Key Allegation Number Five - The shorts claim that new legislation is coming in South Africa that will outlaw the direct deductions of payments from grant beneficiary accounts. We have spoken to several people in South Africa who know nothing about any pending legislation in this regard. We have also checked the federal registry (which lists upcoming bills), and there is nothing there either. We find it highly unlikely that there is imminent legislation that will pass both houses of congress and be signed by the president in short order, especially considering no such bill is even registered yet.


Any payment business globally would be a good place to start in terms of comparable P/E valuations. Mid-to-upper teens P/E multiples are arguably where this group trades. (The SASSA contract - roughly a quarter of earnings today, but not growing - is arguably worth 5-7x earnings due to its limited visibility.) The South African banks, which grow much slower, trade at 9-10x P/E. Capitec, a South African bank that grows fast and caters toward the lower-end consumer, trades at 20x P/E, or 5x book value. Safaricom, a payment company in Kenya, trades at 16x EPS. If you say the South African business is really a lending and not a payments business - which we would take issue with - it is still hard to argue for less than 10x.

Comparables Price Mkt. Cap $M P/E 2016 P/E 2017
South African Banks
Capitec Bank Holdings Ltd. CPI SJ $ 610.00 70,532 18.7x 15.8x
Firstrand Ltd. FSR SJ $ 46.57 261,234 11.5x 10.7x
Standard Bank Group Ltd. SBK SJ $ 128.99 208,831 9.2x 8.5x
Barclays Africa Group Ltd. BGA SJ $ 182.67 90,580 8.0x 7.5x
Nedbank Group Ltd. NED SJ $ 137.53 116,591 7.8x 7.3x
Average 11.0x 10.0x
Payment Processing Payment Processing Payment Processing
Heartland Payment Systems Inc. HPY $ 103.58 3,832 31.1x 27.3x
PayPal Holdings Inc. PYPL $ 38.64 47,244 26.0x 22.0x
Global Payments Inc. GPN $ 75.30 9,733 25.5x 22.5x
Fleetcor Technologies Inc. FLT $ 151.02 13,987 22.9x 19.8x
Vantiv Inc - Cl A VNTV $ 54.62 10,453 20.9x 18.7x
Wex Inc. WEX $ 86.59 3,346 21.8x 18.5x
Euronet Worldwide Inc. EEFT US $ 74.23 3,861 19.7x 17.2x
Teletech Holdings Inc. TTEC US $ 27.42 1,323 16.9x 15.0x
PayPoint Plc PAY LN $ 851.50 580 15.9x 13.5x
Green Dot Corp.-Class A GDOT $ 21.83 1,094 15.7x 12.9x
Qiwi Plc-Sponsored ADR QIWI RX $ 1,075.00 64,952 14.7x 12.7x
Blackhawk Network Holdings I HAWK $ 34.55 1,928 13.6x 12.3x
Cardtronics Inc. CATM US $ 36.41 1,645 11.8x 12.0x
Alliance Data Systems Corp. ADS $ 214.48 12,721 12.7x 11.2x
Evertec Inc. EVTC $ 13.89 1,057 8.6x 8.1x
Average 18.5x 16.2x
Safaricom Ltd. SAFCOM KN $ 16.95 679,109 18.7x 16.2x
Net 1 UEPS Technologies Inc. UEPS $ 10.90 512 5.7x 5.0x
Source: Bloomberg, prices as of 4.14.16

Our minimum target price is 9x 2016 current rand (15:1)-based EPS of $2.00, or $18, the same as a slow-growth South African bank's.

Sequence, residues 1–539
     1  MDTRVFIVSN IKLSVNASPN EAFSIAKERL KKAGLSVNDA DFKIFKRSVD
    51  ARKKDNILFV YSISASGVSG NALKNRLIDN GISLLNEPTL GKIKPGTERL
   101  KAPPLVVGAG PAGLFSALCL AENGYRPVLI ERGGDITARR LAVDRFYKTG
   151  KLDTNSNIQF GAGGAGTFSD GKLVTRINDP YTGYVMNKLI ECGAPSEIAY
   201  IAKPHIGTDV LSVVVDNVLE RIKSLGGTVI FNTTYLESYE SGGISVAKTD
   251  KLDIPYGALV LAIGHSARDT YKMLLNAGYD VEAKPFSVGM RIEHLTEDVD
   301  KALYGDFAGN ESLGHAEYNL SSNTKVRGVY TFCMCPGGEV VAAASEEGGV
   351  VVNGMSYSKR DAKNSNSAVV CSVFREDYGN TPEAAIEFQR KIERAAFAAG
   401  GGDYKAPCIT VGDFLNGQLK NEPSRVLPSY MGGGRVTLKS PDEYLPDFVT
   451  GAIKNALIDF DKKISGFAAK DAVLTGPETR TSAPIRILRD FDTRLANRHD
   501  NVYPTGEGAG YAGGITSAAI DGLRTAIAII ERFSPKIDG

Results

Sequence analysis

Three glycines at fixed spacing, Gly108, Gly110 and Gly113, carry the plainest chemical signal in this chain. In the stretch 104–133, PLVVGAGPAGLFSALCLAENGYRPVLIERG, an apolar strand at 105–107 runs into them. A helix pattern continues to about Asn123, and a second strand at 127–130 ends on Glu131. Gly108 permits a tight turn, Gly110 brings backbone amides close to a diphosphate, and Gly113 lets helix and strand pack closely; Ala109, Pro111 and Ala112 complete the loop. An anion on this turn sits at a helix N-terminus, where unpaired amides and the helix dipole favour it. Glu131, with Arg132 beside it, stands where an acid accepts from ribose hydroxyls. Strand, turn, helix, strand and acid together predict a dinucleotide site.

Our maximum target price is 17x 2018 current rand (15:1)-based EPS of $3.20, giving it a global payments/Safaricom multiple in the high teens or a stock north of $50.

Other issues

The short case is well laid out. We would direct investors to review the allegations. One point to note is that while we have NOT done a proprietary background check on management (although we have met and have had countless conversations with senior management and their partners over the past several years), we don't believe MasterCard, the International Finance Corporation, the South African Government, Uber, Microsoft, or Oxigen in India, etc. would partner with Net 1 if the allegations of management impropriety had merit.


The author is net long UEPS at the time of this article's publication. In addition, the author's officers, directors, employees and/or principals (collectively "Related Persons") may have positions in and may, from time to time, make purchases or sales of the securities or other investments discussed or evaluated in this article.

The author wrote this article itself and it expresses its own opinions. It is not receiving compensation for this article. In addition, the author has no business relationship with any company whose stock is mentioned in this article.

The author does not know your particular objectives for returns or constraints upon investing. All investors are encouraged to do their own research before making any investment decision.


There are no warranties, expressed or implied, as to the accuracy, completeness, or results obtained from any information set forth in this article. The author will not be liable to you or anyone else for any loss or injury resulting directly or indirectly from the use of the information contained in this article, caused in whole or in part by its negligence in compiling, interpreting, reporting or delivering the content in this article.

Information pertaining to this article is obtained from Yahoo Finance, Google Finance, and the SEC Database, among other sources. If these sources contained faulty or old information it could be incorporated into this analysis.

No Investment Advice

This article is not an offer to sell or the solicitation of an offer to buy any security in any jurisdiction where such an offer or solicitation would be illegal. This article is distributed for informational purposes only and should not be construed as investment advice or a recommendation to sell or buy any security or other investment, or undertake any investment strategy. It does not constitute a general or personal recommendation or take into account the particular investment objectives, financial situations, or needs of individual investors. The price and value of securities referred to in this article will fluctuate. Past performance is not a guide to future performance, future returns are not guaranteed, and a loss of all of the original capital invested in a security discussed in this article may occur. Certain transactions, including those involving futures, options, and other derivatives, give rise to substantial risk and are not suitable for all investors.

Disclosure: I am/we are long UEPS.

I wrote this article myself, and it expresses my own opinions. I am not receiving compensation for it. I have no business relationship with any company whose stock is mentioned in this article.